This is a child custody case post- divorce proceeding from Mobile County, Alabama, Myers v. Myers. This case stems from a divorce judgment granted in 2008. Here, the divorce judgment ratified a divorce agreement that split legal and physical custody of the children between the father and mother. Additionally, the divorce agreement required the father to pay “tuition for the minor children so long as they attend a private school in Mobile County.”
In 2011, the mother filed a Motion for Rule Nisi and to modify physical custody of the children; however, the motion mentioned nothing in regards to the modification of joint-legal-custody. The father filed an Answer and a Counterclaim seeking to terminate his obligation to pay the children private school tuition.
The trial court “reaffirmed” the paragraph in the divorce agreement that required the father to pay for the private school tuition and also ordered that the mother shall decide which private school for the children to attend. Accordingly, the father appealed the trial court order.
The Court of Civil Appeals Reversed the trial court order.
The Court drew attention to the fact that the mother never sought to modify the joint-legal-custody of the children which would give the mother authority to determine the private school the children would attend. The mother only sought to modify the joint-physical-custody of the children. Under Alabama law, Alabama Rules Civil Procedure 54(c) allows a trial court to grant a party the relief to which that party is entitled “irrespective of the request for relief contained in the pleadings.” However, Rule 54(c) does not permit a granting of relief if the issue is not contained in the pleadings and it appears that a party’s failure to ask for that particular relief will cause a substantial prejudice on the opposing party. Carden v. Penney, 362 So.2d 266, 268-69 (Ala. Civ. App. 1978).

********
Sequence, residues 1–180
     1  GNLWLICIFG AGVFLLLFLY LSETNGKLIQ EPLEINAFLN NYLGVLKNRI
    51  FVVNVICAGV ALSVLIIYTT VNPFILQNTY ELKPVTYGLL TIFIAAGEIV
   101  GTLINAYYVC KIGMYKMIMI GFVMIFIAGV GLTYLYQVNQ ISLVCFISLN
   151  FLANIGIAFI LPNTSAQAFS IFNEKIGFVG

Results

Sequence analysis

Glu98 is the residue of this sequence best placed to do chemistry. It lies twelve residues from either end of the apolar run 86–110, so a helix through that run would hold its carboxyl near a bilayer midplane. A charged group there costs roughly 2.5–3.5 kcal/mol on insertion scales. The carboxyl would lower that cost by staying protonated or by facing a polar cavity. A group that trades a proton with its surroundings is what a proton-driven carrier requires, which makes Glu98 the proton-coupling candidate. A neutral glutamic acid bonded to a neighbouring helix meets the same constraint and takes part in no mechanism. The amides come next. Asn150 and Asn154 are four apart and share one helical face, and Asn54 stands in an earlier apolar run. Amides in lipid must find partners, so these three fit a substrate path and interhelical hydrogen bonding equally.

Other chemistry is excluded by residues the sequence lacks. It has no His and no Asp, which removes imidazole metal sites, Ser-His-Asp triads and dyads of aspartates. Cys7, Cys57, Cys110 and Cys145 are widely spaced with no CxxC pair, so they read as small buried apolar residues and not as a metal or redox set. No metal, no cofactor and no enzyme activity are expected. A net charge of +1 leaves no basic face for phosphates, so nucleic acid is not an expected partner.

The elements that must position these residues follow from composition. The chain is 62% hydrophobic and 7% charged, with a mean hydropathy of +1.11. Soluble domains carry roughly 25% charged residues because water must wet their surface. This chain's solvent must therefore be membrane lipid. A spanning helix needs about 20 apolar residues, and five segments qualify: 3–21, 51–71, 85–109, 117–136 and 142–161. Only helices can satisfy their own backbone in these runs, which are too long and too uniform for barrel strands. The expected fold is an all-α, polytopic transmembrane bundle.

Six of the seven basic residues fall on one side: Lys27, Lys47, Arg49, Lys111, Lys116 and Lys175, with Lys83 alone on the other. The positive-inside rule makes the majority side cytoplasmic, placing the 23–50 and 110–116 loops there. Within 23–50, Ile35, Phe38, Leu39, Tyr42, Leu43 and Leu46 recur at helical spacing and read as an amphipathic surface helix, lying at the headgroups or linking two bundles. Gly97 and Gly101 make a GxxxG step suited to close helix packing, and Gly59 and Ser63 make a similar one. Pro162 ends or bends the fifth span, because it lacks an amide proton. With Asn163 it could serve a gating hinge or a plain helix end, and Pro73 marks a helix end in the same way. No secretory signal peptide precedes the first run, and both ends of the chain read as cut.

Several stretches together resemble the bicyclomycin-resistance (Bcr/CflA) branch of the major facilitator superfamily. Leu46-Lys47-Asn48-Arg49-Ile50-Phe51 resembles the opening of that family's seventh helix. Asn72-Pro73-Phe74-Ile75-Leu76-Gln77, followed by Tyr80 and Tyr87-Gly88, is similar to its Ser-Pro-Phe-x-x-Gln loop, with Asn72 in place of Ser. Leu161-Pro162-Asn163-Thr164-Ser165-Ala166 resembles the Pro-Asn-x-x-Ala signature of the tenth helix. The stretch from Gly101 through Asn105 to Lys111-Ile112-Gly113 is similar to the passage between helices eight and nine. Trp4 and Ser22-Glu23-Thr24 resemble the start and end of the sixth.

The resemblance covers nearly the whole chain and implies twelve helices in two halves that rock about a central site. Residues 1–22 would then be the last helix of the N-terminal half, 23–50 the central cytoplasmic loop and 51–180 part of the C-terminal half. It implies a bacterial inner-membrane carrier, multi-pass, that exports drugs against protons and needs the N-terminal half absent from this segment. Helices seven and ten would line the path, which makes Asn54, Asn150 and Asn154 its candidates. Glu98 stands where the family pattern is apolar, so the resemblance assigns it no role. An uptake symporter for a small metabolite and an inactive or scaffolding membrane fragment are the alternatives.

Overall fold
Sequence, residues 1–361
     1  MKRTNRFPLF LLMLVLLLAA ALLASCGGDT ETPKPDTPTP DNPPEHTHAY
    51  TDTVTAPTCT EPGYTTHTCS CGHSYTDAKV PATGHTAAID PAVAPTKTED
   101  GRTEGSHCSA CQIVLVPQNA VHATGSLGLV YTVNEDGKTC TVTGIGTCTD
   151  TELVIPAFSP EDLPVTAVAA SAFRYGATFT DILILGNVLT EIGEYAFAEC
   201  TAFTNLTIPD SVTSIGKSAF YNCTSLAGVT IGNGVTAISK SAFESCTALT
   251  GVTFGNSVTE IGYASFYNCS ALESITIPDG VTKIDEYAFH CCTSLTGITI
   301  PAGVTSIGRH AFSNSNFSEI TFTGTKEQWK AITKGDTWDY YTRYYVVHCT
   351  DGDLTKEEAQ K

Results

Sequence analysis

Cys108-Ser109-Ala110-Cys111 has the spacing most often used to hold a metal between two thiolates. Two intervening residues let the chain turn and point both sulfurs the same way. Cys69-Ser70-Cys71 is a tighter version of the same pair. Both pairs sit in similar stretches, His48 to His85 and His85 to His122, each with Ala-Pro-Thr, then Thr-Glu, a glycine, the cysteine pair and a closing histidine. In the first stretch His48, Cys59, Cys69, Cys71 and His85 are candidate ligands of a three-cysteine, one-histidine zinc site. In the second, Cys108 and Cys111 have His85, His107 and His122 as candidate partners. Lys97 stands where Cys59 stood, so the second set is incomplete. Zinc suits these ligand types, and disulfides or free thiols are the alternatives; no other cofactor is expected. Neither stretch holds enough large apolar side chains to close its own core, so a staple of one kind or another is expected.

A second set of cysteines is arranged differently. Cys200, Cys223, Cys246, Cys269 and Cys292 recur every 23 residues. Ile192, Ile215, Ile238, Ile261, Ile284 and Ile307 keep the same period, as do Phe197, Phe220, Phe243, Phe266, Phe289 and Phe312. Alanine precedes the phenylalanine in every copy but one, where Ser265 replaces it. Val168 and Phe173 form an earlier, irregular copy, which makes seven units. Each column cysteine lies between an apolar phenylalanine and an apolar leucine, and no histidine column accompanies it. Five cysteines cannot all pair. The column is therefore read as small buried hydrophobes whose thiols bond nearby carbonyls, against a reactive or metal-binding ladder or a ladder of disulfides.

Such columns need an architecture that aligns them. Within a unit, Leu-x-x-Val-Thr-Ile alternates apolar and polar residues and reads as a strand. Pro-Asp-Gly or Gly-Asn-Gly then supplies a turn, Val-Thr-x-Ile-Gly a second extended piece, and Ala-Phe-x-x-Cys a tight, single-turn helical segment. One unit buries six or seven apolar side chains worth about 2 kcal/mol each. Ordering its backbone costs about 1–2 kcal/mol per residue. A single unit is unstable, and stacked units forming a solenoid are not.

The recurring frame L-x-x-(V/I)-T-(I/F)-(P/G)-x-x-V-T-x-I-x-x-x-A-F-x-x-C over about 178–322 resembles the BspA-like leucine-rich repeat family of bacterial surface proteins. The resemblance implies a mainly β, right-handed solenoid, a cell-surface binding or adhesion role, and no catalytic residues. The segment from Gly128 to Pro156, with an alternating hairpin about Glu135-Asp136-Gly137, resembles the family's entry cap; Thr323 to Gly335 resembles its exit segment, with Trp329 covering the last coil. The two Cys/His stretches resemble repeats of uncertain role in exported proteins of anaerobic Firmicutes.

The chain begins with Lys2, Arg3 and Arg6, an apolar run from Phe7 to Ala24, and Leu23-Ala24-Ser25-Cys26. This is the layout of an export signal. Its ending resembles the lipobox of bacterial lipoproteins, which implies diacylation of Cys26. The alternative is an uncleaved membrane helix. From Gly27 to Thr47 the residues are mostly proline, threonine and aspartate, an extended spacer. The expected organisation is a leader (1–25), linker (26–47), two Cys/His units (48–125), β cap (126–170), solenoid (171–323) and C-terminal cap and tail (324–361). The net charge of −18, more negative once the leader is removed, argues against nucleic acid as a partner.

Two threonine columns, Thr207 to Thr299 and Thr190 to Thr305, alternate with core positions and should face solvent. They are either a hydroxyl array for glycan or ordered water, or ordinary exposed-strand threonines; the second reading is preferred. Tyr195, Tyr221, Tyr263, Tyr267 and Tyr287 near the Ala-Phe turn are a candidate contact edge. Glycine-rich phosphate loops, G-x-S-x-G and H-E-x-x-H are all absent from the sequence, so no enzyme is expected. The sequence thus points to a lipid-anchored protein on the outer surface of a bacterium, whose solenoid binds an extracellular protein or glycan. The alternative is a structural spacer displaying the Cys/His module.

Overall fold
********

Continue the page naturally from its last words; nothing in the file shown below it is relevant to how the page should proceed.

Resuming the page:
In the case at hand, failing to mention a request for relief pertaining to joint-legal-custody in the pleadings would subject the father to substantial prejudice. Specifically, the father was never notified that there was a claim for modification of joint-legal-custody. Further, the issue was never litigated at trial.
The mother even stated at trial that she was not requesting that she have the right to decide which private school the children should attend. Counsel for the father even objected to the issue when the trial court mentioned that it might make such a modification.
In effect, if the Court were to allow such modification it would remove the father’s right to joint authority over the children’s choice of school while enforcing the father’s obligation to pay for the private school selected by the mother. Allowing this modification allows for a substantial alteration in the agreement that was contained in the original divorce proceeding; therefore, the father was subjected to substantial prejudice and caused for the order of the trial court to be reversed.
It should be noted that it is well within the trial courts power to modify
a divorce judgment; however, there are limitations to the trial courts
power. Here, the Court focuses on how the trial court abused the notions
of fair play and failed to properly follow the standards of due process
in respect to the modification of the divorce judgment without the proper
pleadings being in place. This case is a fine illustration of the importance
of proper pleading, and the effect that can follow a mere failure to plead
the correct things.
If you are seeking a Birmingham child custody lawyer, contact Ingram Law LLC or Joseph A. Ingram at (205) 335-2640..